Should Children Attend Funerals?
Children should choose whether or not they are ready to atend a family funeral.
Posted May 20, 2018 | Reviewed by Devon Frye
One of the questions I'm oft asked is whether, or at what age, children should attend funerals. The truth is that I am not the person to ask—ask the child! As soon as children are able to sit still or react appropriately at family events, they should be given a choice about funerals.
Funerals are important family rituals. When they are done well, they can be highly therapeutic events. They reinforce the reality of the death—often critical for a child. Funerals also provide opportunities for support. Such rituals validate grief and empower memories of the deceased. They address the ways that belief systems and personal philosophies deal with death and loss.
Moreover, most funeral rituals include varied events—a wake or visitation, a ceremony, and often a committal or burial. The child can decide whether to attend all or any of these events. They may go up to the casket (if there is one) or not.
In order for children to make an appropriate choice, they first need information. If they have never attended a funeral, they need to know what to expect. Describe everything from how the room is laid out to how the deceased may appear, should there be an open casket. Most funeral directors will be willing to assist—taking the child to an empty room and showing them what a casket may look like, for instance. Explain that some individuals will cry since they miss the person, while others may smile or even laugh as they reminisce about the deceased individual. Others may simply catch up with friends or relatives they have not seen for a while.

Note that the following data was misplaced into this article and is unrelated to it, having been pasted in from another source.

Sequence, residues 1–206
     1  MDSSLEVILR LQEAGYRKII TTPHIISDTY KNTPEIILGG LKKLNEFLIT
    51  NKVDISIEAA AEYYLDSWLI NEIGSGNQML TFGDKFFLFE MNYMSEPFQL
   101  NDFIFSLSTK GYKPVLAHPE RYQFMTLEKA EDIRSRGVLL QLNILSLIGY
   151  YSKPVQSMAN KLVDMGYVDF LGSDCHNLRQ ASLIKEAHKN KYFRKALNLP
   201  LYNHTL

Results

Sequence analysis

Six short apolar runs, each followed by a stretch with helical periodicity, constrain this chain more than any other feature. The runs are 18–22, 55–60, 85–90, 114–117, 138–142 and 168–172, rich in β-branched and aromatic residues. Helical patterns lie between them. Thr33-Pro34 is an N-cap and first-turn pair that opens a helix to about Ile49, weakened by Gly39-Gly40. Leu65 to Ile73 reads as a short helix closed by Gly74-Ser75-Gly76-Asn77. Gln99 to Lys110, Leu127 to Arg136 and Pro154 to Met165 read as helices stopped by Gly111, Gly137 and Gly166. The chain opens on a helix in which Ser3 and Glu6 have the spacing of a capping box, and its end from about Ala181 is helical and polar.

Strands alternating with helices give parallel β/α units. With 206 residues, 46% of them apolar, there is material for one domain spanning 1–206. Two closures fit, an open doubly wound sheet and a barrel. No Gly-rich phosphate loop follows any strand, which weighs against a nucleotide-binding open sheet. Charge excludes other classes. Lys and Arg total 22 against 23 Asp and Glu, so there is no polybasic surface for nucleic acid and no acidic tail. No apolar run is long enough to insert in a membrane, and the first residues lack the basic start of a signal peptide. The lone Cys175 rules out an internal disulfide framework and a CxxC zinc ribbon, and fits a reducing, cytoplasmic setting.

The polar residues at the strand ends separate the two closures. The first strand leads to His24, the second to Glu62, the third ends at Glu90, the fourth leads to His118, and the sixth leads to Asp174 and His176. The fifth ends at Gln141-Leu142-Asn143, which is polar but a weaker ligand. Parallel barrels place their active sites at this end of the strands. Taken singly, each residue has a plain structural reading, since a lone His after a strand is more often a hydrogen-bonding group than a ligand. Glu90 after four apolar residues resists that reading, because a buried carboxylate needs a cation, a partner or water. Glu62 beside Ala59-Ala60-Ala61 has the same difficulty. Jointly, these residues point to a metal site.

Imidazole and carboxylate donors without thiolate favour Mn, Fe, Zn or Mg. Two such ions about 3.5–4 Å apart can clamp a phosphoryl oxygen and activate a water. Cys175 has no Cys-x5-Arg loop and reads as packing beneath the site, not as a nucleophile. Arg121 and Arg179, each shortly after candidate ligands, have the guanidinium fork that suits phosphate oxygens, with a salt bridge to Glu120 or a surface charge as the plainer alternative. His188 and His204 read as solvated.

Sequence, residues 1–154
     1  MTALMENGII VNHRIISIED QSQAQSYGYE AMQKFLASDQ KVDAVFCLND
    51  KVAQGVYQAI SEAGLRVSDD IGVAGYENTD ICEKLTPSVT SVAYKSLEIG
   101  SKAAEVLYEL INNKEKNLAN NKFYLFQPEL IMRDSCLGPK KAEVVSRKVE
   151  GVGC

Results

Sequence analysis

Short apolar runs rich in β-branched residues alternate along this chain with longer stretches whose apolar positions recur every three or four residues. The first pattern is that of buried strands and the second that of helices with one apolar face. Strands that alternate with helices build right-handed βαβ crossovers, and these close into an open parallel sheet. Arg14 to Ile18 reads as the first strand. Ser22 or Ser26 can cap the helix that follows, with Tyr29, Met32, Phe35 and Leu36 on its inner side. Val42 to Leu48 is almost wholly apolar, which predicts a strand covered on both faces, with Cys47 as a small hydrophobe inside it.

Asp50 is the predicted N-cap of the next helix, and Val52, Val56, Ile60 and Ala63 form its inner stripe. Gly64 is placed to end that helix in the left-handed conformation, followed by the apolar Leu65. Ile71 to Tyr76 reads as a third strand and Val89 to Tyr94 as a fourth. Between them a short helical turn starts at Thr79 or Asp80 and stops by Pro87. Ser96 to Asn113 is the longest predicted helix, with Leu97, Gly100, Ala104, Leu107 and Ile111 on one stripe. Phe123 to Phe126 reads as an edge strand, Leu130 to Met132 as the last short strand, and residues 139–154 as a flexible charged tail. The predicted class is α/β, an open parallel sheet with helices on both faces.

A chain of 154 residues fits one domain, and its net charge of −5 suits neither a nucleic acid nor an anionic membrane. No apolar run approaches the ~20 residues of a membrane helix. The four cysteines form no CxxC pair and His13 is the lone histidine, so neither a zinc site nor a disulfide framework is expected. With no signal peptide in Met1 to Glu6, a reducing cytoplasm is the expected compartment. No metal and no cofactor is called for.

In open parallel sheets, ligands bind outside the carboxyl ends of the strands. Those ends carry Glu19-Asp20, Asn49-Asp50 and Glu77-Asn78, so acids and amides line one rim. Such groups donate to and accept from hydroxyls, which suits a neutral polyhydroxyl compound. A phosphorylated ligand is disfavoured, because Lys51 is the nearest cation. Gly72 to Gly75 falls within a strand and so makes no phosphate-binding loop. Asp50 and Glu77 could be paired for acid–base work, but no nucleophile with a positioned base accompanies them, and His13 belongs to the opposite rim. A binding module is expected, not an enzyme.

It is not an option, however, to say to a child, "You may go to the funeral or stay alone in this strange location by yourself.” Nor is it fair to set up such an attractive alternative to attend that the child will later regret their decision. I once counseled a child whose father encouraged him to go on a church trip to an amusement park rather than attend his mother’s funeral. If the child chooses not to go, allow a comfortable option—staying, for example, with a familiar babysitter.
Finally, offer support. If it is a family funeral, parents may not be able to offer that support as they are likely both grieving and deeply involved in the ritual. Here, I suggest a “shepherd”—someone such as a trusted family friend for each child who could attend solely to the child’s need’s—answering the child’s questions, taking them for a walk if the child needs respite, or just offering a shoulder on which to cry.
For over three decades, I have taught a graduate course entitled "Children, Adolescents, Death, and Loss." I begin the course by asking students to recount their first experience with death. Many times, students will speak of a funeral for someone that died. Many will recount their disappointment at not being able to attend that ritual, while a few describe being forced to go or to do something at the funeral—such as kiss the corpse—that they found traumatic.
Yet in these remembrances of thousands of students, no one ever said: “I was given a fair choice to attend and I still resent that!”